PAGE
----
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The Easiest Way to Cut a Head of Cauliflower Is with Scissors

Not sure how to break down a head of cauliflower into small pieces? Our technique is shear genius.
By Published Apr. 21, 2022

Cauliflower has become a darling of the vegetable world over the past few years. And it makes sense: This versatile vegetable can be blended into a creamy soup, tossed into a light salad, blitzed into cauliflower “rice,” or roasted until it’s caramelized and nutty. Whatever the use, how you prepare the cauliflower is important.

How to Buy Cauliflower

Most cauliflower is bright white, but you can find it in green, purple, or orange varieties. Whatever the color, make sure that it’s evenly colored and free of any brown spots. Look for heads that feel heavy and have tightly packed florets. Any leaves that are still attached should be green.

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Storing Cauliflower

Cauliflower can be stored in the plastic packaging it is often sold in at the grocery store. But to make it last longer, take it out of that packaging, wrap paper towels around the head to absorb any excess moisture, and transfer the paper towel–wrapped head to a loosely closed produce bag. Be sure to store the vegetable in the refrigerator. 

While cooking cauliflower whole is doable, most of the time, you need to cut up a head of cauliflower before cooking it. Start by removing any green leaves, and then cut the stem flush with the head of the cauliflower.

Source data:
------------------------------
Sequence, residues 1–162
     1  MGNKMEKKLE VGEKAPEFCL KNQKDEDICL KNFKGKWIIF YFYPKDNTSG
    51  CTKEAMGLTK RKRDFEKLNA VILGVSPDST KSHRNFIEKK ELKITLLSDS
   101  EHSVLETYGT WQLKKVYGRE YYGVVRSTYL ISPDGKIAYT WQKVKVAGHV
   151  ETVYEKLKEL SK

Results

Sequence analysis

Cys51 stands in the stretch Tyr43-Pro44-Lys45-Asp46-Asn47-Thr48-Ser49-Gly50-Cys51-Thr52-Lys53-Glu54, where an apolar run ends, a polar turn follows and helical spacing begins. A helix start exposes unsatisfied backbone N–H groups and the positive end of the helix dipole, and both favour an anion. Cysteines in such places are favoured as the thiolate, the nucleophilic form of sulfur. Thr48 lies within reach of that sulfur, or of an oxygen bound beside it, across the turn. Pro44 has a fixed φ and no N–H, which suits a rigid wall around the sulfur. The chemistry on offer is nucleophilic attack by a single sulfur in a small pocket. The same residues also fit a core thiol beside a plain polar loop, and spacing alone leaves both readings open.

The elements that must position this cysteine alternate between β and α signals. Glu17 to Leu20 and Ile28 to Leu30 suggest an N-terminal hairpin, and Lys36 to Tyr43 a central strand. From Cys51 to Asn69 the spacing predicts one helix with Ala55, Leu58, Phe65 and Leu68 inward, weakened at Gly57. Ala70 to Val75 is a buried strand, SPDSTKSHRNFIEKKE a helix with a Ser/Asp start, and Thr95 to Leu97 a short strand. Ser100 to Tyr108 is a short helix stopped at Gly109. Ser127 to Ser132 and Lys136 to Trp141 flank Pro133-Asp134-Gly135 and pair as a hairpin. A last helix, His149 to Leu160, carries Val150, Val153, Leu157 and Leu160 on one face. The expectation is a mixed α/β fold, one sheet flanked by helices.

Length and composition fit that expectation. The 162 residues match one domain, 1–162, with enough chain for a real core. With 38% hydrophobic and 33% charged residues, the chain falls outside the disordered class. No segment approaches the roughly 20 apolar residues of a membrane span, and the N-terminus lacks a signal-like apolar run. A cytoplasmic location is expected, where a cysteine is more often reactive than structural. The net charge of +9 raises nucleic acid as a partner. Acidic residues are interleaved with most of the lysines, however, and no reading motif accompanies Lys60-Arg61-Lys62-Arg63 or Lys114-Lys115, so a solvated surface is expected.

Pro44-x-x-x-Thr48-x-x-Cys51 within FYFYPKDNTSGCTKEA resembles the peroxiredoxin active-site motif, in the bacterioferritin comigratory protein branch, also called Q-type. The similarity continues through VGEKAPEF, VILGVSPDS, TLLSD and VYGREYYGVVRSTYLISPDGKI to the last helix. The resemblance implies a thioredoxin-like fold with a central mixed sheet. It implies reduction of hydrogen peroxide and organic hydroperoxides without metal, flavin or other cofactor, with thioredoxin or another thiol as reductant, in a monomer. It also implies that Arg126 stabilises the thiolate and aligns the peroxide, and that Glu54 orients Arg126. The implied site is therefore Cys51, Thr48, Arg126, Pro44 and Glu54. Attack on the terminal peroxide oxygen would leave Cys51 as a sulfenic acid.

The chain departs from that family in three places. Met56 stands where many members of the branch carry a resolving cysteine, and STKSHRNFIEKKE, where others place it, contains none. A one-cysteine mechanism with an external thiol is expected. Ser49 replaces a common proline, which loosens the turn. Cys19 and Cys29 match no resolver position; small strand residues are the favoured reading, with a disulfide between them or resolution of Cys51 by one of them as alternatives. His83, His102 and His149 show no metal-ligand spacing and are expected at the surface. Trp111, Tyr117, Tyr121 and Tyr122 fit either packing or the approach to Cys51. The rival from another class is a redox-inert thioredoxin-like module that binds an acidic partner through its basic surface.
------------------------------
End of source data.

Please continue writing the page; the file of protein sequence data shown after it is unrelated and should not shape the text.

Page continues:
How to Cut Cauliflower into Wedges

  1. Halve the cauliflower lengthwise through the core. 
  2. Place the halves cut side down on your cutting board for stability. Angle your chef’s knife to cut each half into equal-size wedges, keeping the core and florets intact. 

How to Cut Cauliflower into Florets

  1. Use kitchen shears to cut the stems vertically around the core to break off large florets. You can use a paring knife here, but using scissors results in more individual florets and minimizes any cauliflower rubble (small bits) that break off while cutting. 
  2. Switch back to your chef’s knife or a sharp paring knife to cut the florets through the stem into the desired size. 
  3. Don’t toss the core; you can peel it and then roast it or blend it into a soup or sauce. 
. . . using scissors results in more individual florets and minimizes any cauliflower rubble (small bits) that break off while cutting.” 
Cook’s Country Test Cook Amanda Luchtel breaks down a head of cauliflower.

If you’re roasting or searing cauliflower, be sure to cook it cut side down. That way the flat side will have more contact with the hot pan, so you’ll have more of that deeply roasted, caramelized flavor, as we did in our Roasted Cauliflower with Mint and Olive Sauce. For this recipe, we tossed cauliflower with a sauce of fresh mint, parsley, Castelvetrano olives, garlic, pepper flakes, lemon juice, and pine nuts. The roasty notes from the well-browned cauliflower take the flavor over the edge for a simple yet bold side.